Cult of excellence

30th December 1994 at 00:00
Winners of The TESScience Teacher of the Year Award will be announced next week. Maureen McTaggart reports on the judging process and the regional finalists. Linda Elliott, science teacher at Hitchin Girls School in Hertfordshire, has an attitude problem the judges of The TES Science Teacher of the Year Award want to encourage. She believes "There is nothing wrong with trying to be excellent." It is also an attitude she is eager for her pupils to adopt, and one that has helped them win a regional prize in the competition that is jointly run by The TES and the Association for Science Education.

The Science Teacher of the Year Award was launched last January with sponsorship from the Association of the British Pharmaceutical Industry (ABPI) and the pharmaceutical company, Pfizer Ltd. It is split into regional and national categories with cash prizes for both the winning teachers and their schools.

Its aim is to encourage the teachers who make science enjoyable and interesting for pupils and has come at a time when the whole teaching profession could do with a much needed boost of self-esteem.

"We wanted to recognise good professional work and reward both the individual and the school," says a spokeswoman for ABPI, which is sponsoring the secondary award (Pfizer Ltd is sponsoring the primary award). "It is teachers who influence a pupil's choice of which subject to study on leaving school. They work under tremendous pressure but still find time to motivate their pupils and somehow muster up an infectious passion for the subject which they manage to pass on to the youngsters."

When he launched the award, John Adams, academic liaison co-ordinator at Pfizer Ltd, said they were not looking for the "super-teachers or the paragon of virtue who has no time for family life", but were looking to celebrate good practice that ordinary teachers can aspire to.

However, they hadn't bargained for the enthusiasm of teachers and pupils as their journey took them into schools where excellent work was the norm. Primary pupils in particular found science fascinating - like the six-year-olds at Hawes Down Infant School, West Wickham, who successfully constructed an electrical circuit (complete with breakers) and were using it to light up a collage of animals they had built. Their teacher, Barbara Pollard, refused to take all the credit for what the pupils had achieved.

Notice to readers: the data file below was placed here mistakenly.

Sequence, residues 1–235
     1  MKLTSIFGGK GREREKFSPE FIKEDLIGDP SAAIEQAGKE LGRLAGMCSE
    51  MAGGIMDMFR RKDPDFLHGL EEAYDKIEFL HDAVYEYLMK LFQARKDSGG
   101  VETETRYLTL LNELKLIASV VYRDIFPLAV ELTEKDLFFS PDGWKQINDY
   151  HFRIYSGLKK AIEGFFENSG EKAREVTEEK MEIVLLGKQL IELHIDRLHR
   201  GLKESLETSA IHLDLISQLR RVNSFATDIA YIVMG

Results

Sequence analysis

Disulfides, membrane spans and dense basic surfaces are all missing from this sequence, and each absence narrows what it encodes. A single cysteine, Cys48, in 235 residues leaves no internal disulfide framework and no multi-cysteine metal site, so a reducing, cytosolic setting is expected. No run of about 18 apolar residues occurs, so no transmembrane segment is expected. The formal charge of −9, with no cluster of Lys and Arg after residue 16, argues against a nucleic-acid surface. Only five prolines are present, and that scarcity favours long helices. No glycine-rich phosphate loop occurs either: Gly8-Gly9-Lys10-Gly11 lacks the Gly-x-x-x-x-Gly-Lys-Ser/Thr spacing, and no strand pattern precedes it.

She said that although the children are very young, they are capable of taking in a lot of information. Moreover, she allowed them to progress as much as they wanted to, and left them to do their own investigations so she could gauge how much of the concept of science they had grasped.

The judges were also able to pick up some tips while talking to the youngsters and will now be very wary of any electrician who might try to bamboozle them with techno-speak.

Marilyn Powell who teaches at Foxdenton (special) School in Oldham, said teachers are a school's best resource and as such they must capitalise on their pupils' enthusiasm. She found her class of 11-year-olds no less keen on science than their able-bodied colleagues. Several of them regularly give up their lunchbreaks to attend a Young Investigators science club she runs at the school.

This year's 11 regional winners received Pounds 100 each and the chance to compete for the national title worth Pounds 1000 to be shared between teacher and school. Choosing the winners proved a tough task for the panel of judges, which included representatives from ABPI, The TES, Pfizer and television presenters Carmen Pryce and Bob Holness.

Professor Jeff Thompson CBE, chairman of the secondary judging panel, praised the teachers' hard work and dedication: "We were delighted with the success of the award, which attracted a tremendously high standard of entries. We were especially looking for a high level of enthusiasm and the ability to transfer that enthusiasm to young people - and we found it! The difficulty was in choosing between them."

John Adams said they asked each candidate to illustrate how they would bring science to life in the classroom and get the children thinking scientifically: "We were looking for that little spark and it was very difficult to isolate one spark that was slightly brighter than the others. Science permeated so many of the classrooms we visited."

The regional winners are:

Secondary - Jess Cooke, Lenzie Academy, Glasgow; Dr Joseph Rea, Assumption Grammar School, Co. Down; Richard Edwards, St George School, Bristol; Jean Middleton, Astor School, Dover; Ms Caroline Dawes, Withernsea High School, Withernsea, nr Hull; Linda Elliott, Hitchin Girls School, Hitchin, Hertfordshire.

Primary - Barbara Pollard, Hawes Down Infant School, West Wickham; Barbara Ridout, Sandown C P School, Deal, Kent; Chris Sargeant, Collaton St Mark CE Primary School, Paignton; Vincent Bovill, Haverlock Primary School, Sunderland; and Marilyn Powell, Foxdenton (special) School, Oldham.

The 1994 national winners will be announced next Friday at the Annual Meeting of the Association for Science Education at Lancaster University.

o Nominations for The TES Science Teacher of the Year can be put forward by a wide range of people, including pupils, colleagues, parents and schools. Details and nomination forms for next year's competition are available from the ASE, College Lane, Hatfield, Herts AL10 9AA. Enclose an A4 SAE

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